“The solution resistance is challenging,” Cox says. But, she adds, there are “some tricks” that might help to reduce that resistance, such as reducing the distance between the two sides of the reaction by using interleaved plates.
“In our simulations, we have a framework to determine the limits of efficiency” that are possible with such a system, Buonassisi says. For a system based on conventional silicon solar cells, he says, that limit is about 16 percent; for gallium arsenide cells, a widely touted alternative, the limit rises to 18 percent.
Models to determine the theoretical limits of a given system often lead researchers to pursue the development of new systems that approach those limits, Buonassisi says. “It’s usually from these kinds of models that someone gets the courage to go ahead and make the improvements,” he says.
“Some of the most impactful papers are ones that identify a performance limit,” Buonassisi says. But, he adds, there’s a “dose of humility” in looking back at some earlier projections for the limits of solar-cell efficiency: Some of those predicted “limits” have already been exceeded, he says.
“We don’t always get it right,” Buonassisi says, but such an analysis “lays a roadmap for development and identifies a few ‘levers’ that can be worked on.”
The work was supported by the National Science Foundation, the Air Force Office of Scientific Research, the Singapore National Research Foundation through the Singapore-MIT Alliance for Research and Technology, and the Chesonis Family Foundation.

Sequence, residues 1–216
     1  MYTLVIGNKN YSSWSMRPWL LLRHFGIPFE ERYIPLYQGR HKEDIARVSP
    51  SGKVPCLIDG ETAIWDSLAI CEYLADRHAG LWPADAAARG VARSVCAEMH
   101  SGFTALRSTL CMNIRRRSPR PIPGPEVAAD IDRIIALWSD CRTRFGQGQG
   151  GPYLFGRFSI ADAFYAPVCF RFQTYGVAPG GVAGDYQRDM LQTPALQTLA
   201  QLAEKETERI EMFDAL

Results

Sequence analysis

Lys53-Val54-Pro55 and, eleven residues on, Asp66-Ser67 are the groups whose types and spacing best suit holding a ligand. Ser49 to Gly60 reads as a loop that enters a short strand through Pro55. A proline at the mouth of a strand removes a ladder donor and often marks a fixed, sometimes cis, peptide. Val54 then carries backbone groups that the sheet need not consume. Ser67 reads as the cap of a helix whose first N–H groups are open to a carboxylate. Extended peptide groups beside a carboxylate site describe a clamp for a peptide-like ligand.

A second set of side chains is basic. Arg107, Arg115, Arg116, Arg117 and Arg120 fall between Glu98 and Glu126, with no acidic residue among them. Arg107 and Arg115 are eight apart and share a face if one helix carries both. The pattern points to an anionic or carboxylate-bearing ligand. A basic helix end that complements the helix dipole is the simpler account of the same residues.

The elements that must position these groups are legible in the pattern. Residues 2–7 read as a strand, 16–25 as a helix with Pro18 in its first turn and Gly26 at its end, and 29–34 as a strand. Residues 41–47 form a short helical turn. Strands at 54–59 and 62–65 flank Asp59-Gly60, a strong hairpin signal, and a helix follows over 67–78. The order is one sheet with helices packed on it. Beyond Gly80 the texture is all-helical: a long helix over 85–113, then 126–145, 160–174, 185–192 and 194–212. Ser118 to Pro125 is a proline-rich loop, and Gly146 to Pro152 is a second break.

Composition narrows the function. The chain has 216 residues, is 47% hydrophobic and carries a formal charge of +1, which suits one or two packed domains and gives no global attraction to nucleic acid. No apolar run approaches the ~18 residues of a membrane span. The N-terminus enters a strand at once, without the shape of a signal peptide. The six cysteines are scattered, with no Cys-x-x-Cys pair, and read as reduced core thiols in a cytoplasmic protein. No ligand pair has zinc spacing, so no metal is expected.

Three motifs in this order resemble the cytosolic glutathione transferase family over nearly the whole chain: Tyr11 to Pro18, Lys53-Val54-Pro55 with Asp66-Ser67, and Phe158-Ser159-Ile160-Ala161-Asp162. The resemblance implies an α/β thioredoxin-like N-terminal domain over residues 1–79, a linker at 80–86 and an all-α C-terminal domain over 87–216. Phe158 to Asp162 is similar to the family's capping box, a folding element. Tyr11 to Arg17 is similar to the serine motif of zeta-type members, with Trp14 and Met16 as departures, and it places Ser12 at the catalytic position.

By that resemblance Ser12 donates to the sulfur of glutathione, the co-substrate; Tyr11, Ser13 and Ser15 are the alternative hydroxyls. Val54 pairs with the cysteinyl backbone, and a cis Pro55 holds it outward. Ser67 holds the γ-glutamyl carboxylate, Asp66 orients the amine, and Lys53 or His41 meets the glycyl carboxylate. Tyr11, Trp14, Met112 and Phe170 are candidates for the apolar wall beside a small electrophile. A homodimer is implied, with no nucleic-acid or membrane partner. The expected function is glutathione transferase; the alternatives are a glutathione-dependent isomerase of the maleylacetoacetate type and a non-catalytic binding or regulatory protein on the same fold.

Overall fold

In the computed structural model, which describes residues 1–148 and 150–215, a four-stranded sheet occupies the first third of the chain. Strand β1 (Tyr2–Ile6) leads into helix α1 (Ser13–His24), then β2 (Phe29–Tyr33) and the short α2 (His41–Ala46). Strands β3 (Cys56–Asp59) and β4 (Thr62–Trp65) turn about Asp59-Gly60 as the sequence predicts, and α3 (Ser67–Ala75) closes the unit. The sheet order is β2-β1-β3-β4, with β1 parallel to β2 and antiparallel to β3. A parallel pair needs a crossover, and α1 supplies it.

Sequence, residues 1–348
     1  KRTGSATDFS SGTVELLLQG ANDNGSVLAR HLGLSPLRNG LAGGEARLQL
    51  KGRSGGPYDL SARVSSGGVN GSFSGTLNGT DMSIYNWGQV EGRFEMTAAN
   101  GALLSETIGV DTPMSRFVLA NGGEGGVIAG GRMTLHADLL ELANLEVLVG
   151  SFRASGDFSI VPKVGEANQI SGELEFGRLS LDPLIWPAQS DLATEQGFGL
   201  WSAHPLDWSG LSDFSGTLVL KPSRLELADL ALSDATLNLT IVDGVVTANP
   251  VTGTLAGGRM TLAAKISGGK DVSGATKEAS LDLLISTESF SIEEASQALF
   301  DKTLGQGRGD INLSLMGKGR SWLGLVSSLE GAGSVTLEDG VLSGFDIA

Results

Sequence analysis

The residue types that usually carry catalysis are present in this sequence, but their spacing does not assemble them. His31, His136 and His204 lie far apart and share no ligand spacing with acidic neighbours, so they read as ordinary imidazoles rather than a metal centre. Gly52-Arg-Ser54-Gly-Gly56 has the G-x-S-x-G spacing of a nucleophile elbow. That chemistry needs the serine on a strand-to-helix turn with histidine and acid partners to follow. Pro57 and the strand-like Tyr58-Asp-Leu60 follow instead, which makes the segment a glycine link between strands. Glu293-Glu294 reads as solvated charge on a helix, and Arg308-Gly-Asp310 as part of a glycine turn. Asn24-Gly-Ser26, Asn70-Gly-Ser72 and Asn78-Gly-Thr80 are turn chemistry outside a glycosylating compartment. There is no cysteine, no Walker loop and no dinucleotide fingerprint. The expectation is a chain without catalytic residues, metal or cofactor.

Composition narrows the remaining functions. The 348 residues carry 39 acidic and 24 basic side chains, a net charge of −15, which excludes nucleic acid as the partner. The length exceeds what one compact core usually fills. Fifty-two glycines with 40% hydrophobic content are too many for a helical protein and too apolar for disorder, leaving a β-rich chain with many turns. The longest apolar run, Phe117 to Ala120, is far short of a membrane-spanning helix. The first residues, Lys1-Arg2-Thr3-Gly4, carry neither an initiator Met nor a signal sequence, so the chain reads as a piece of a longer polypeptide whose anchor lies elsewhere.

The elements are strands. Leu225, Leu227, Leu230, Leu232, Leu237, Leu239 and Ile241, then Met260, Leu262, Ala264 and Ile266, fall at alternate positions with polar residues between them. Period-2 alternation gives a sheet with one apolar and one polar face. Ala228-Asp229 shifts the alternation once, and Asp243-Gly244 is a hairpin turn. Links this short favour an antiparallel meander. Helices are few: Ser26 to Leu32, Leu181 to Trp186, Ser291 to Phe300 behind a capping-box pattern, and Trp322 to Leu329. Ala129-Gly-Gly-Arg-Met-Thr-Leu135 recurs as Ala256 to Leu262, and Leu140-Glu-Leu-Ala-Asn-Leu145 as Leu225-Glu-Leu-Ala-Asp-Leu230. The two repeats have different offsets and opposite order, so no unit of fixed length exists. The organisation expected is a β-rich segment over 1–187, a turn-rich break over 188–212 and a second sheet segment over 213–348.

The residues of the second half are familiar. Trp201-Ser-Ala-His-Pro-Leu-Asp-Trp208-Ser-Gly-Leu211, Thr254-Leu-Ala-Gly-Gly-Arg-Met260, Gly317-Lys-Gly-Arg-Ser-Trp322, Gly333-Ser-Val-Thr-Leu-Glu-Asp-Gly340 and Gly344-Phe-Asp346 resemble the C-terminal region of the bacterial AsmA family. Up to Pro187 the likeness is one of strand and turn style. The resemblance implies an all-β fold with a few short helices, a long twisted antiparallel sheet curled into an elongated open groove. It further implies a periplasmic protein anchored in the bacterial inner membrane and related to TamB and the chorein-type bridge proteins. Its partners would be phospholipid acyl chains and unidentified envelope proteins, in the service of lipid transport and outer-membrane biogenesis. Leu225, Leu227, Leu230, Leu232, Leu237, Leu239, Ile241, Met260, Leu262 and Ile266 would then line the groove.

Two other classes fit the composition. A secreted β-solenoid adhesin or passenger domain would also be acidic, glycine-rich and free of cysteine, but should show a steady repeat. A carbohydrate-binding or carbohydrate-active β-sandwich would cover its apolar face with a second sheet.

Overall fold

Written by: David L. Chandler, MIT News Office
Sarah McDonnell | EurekAlert!
Nano-scale process may speed arrival of cheaper hi-tech products
09.11.2018 | University of Edinburgh
Nuclear fusion: wrestling with burning questions on the control of 'burning plasmas'
25.10.2018 | Lehigh University
Biochips have been developed at TU Wien (Vienna), on which tissue can be produced and examined. This allows supplying the tissue with different substances in a very controlled way.
Cultivating human cells in the Petri dish is not a big challenge today. Producing artificial tissue, however, permeated by fine blood vessels, is a much more...
Faster and secure data communication: This is the goal of a new joint project involving physicists from the University of Würzburg. The German Federal Ministry of Education and Research funds the project with 14.8 million euro.
In our digital world data security and secure communication are becoming more and more important. Quantum communication is a promising approach to achieve...
On Saturday, 10 November 2018, the research icebreaker Polarstern will leave its homeport of Bremerhaven, bound for Cape Town, South Africa.
When choosing materials to make something, trade-offs need to be made between a host of properties, such as thickness, stiffness and weight. Depending on the application in question, finding just the right balance is the difference between success and failure
Now, a team of Penn Engineers has demonstrated a new material they call "nanocardboard," an ultrathin equivalent of corrugated paper cardboard. A square...
Physicists at ETH Zurich demonstrate how errors that occur during the manipulation of quantum system can be monitored and corrected on the fly
The field of quantum computation has seen tremendous progress in recent years. Bit by bit, quantum devices start to challenge conventional computers, at least...
09.11.2018 | Event News
06.11.2018 | Event News
23.10.2018 | Event News
14.11.2018 | Materials Sciences
14.11.2018 | Health and Medicine
14.11.2018 | Life Sciences